Learn Maltese

Maltese Phrases

Learn phrases in the Maltese language online by selecting the Maltese phrases that you want to learn from the list. These cover a wide variety of Maltese topics, including the numbers in Maltese, days of the week in Maltese, Maltese greetings and the months in Maltese. The Maltese phrases have audio recorded by a native speaker.



Maltese language learning games

As well as the flashcards for the Maltese phrases on the right, there are additional learning games for colours, days, fruit, months, numbers and vegetables.





Test whether you know the difference between it-tuffieħa and il-lanġasa, il-bettieħa from a l-għenba, can count from wieħed to tsen and know sewda from bajda.

Common Maltese Words and Phrases

Start with some of the most common Maltese words and phrases, with audio recorded by a native speaker.



Maltese

Maltese is a Semitic language with around 350,000 speakers living in Malta. The language shows aspects of both Romance and Semitic grammar.

Maltese grammar is underpinned by Semitic patterns but has freely adopted Romance (especially Italian and Sicilian) and English forms. It is unusual among Semitic languages in using a Roman alphabet and also unusual in the flexible way in which it is able to incorporate and adapt its imported vocabulary.

It has many loan words in particular from Italian, English and some from the French language. A few examples illustrate the diversity of Maltese in this regard.

'hello' (hello), 'L-għodwa t-tajba' (good morning showing the Semitic root), 'Bonġu' (good morning) a loan word from French and 'Grazzi' (Thanks) a loan word from Italian.

Different spelling conventions sometimes conceal words originating from English, though they have a similar pronunciation, e.g. mowbajl (mobile), friġġ (fridge), panċer (puncture), tajprajter (typewriter) and bliċ (bleach).

History of the Maltese language

Placed between Europe and Africa, Malta has bridged the two continents over the millennia, with settlers from both directions leaving traces of their presence. Its position in the central southern Mediterranean has also given it a strategic significance which attracted successive external powers striving to dominate the region. As a result its culture and language reflect layers of different influences to an extraordinary extent.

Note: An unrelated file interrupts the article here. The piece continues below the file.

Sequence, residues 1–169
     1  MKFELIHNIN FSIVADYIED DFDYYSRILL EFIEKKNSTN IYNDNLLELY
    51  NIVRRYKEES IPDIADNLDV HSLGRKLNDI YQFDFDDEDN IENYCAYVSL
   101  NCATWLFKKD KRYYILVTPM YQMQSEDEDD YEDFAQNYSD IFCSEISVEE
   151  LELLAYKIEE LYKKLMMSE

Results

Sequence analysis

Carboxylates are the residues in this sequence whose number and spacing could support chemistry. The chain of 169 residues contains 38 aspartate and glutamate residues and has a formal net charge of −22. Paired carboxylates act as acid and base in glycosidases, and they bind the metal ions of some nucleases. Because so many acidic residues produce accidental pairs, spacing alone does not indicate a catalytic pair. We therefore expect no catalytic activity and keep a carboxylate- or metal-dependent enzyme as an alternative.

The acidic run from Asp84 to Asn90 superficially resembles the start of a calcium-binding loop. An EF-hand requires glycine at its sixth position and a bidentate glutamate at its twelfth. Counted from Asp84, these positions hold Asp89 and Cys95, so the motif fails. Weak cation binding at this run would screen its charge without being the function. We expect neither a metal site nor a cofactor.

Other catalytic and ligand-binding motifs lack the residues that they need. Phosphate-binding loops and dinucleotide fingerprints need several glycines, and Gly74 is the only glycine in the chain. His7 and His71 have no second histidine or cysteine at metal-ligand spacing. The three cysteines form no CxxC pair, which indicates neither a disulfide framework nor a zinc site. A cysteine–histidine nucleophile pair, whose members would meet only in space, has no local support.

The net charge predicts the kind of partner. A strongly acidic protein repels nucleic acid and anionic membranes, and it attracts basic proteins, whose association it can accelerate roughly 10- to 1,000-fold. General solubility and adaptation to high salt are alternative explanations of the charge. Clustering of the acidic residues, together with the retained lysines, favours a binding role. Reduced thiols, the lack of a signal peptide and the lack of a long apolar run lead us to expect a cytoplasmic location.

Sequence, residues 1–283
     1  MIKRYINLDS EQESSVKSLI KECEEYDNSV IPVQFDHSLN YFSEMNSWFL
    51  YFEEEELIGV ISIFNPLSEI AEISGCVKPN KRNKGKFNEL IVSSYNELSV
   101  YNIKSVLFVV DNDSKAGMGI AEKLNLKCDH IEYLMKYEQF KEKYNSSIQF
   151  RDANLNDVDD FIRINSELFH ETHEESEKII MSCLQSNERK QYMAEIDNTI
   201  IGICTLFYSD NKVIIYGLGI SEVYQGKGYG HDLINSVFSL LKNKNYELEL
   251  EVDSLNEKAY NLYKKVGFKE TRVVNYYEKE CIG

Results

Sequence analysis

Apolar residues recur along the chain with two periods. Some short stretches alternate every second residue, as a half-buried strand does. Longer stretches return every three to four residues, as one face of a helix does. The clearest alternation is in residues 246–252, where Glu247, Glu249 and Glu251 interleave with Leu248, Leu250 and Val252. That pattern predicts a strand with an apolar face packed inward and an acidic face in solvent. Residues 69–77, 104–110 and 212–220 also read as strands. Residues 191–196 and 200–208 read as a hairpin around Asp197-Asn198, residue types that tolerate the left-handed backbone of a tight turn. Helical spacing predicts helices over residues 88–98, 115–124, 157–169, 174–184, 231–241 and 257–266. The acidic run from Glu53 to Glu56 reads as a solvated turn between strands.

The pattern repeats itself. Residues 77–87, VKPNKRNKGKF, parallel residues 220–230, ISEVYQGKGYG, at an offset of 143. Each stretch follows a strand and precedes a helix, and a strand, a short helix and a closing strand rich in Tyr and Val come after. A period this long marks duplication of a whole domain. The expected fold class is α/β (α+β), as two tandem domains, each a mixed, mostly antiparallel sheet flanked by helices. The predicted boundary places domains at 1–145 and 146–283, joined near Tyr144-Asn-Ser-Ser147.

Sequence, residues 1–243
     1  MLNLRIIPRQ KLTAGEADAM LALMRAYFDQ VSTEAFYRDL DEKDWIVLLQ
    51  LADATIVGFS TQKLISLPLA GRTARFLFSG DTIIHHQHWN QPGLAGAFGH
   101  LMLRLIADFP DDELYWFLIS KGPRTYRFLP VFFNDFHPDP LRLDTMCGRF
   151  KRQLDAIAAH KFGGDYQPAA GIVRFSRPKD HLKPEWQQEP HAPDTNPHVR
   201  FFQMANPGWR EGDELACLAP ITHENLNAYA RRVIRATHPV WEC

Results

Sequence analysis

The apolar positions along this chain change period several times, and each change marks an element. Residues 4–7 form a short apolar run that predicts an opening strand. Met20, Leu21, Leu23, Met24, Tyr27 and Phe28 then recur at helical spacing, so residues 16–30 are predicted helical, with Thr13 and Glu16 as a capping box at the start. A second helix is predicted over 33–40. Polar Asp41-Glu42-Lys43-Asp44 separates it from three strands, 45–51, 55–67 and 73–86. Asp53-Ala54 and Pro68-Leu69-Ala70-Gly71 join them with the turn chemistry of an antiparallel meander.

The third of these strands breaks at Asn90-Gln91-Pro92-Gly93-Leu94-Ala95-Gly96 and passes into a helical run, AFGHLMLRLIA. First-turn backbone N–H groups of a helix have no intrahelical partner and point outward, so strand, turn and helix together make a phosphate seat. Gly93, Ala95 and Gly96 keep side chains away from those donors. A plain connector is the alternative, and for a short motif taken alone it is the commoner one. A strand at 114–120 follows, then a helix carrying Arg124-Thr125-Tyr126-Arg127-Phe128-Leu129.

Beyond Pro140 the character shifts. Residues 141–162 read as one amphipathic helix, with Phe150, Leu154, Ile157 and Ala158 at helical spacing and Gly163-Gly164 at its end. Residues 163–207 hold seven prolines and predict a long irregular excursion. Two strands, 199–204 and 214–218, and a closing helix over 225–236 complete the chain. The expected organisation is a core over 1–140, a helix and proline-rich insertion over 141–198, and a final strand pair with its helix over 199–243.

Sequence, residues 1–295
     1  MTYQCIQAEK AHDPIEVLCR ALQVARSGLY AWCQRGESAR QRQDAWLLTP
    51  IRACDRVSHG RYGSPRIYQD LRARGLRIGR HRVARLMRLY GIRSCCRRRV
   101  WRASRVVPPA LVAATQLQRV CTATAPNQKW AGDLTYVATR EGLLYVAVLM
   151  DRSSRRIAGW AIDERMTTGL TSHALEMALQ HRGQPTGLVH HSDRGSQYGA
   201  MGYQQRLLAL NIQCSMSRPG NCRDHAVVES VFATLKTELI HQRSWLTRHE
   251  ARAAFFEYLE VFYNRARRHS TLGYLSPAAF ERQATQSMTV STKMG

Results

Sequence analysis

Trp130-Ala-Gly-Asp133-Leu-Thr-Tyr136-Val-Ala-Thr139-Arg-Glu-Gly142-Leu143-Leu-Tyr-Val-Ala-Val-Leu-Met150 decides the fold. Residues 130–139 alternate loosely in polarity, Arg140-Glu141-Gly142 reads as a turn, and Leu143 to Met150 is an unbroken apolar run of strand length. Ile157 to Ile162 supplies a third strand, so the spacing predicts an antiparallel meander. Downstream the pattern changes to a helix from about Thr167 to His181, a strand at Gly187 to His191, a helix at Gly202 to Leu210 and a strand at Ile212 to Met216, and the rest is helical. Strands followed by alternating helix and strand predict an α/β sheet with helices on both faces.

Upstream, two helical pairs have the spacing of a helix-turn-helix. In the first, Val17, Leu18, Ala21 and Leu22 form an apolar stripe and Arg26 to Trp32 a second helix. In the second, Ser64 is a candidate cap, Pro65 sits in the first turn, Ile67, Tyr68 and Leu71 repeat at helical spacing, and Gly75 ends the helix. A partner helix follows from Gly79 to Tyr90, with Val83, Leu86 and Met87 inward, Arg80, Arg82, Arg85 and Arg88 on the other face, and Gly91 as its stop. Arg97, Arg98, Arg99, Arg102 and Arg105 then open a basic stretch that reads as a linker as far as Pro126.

Given that Malta lies less than 60 miles south of Sicily it is unsurprising that for about a thousand years it was part of the Roman Empire, with political control moving to Constantinople when the empire was divided in ad 329. Malta's Roman phase ended in ad 870 when Arab invaders overwhelmed the Byzantine garrison.

There then seems to have been a hiatus of nearly 200 years during which the island was left virtually unpopulated. It was not colonized until 1048. A few years later, in 1091, the island came under Norman rule though initially the Normans left government of the island in the hands of its Muslim colonists. Direct Muslim influence ended with the expulsion of the Muslims in the mid-13th century. A succession of feudal rulers governed the island until it was ceded to the Order of the Hospital of St John of Jerusalem, a multilingual organisation within the Roman Catholic Church. A brief period of French rule followed Napoleon's capture of the island in 1798. An attempt to return the island to the Knights Hospitallers in 1802 proved highly unpopular and the islanders opted for British sovereignty.

The relationship with Britain became increasingly tempestuous as different constitutions failed to deliver satisfaction. Malta, however, played a vital role in World War II and had the unusual distinction of being awarded the George Cross for its resistance to sustained attempts by the Axis forces to overwhelm it. In 1964 it gained independence as a member state within the British Commonwealth.

During its many years of rule by outsiders, whether from neighbouring Sicily or further afield, the tendency was for the language of government and culture to reflect the interests of the rulers and their dependents, while the indigenous Maltese became used to a bilingualism in which the vernacular language had little status. It was not given official status, which it shares with English, until the mid-1930's, having suffered from the lack of a standard written form until as late as 1924.

Related languages

Maltese is one of the semitic languages and originates from Arabic. It contains a large number of loan words in particular from Italian.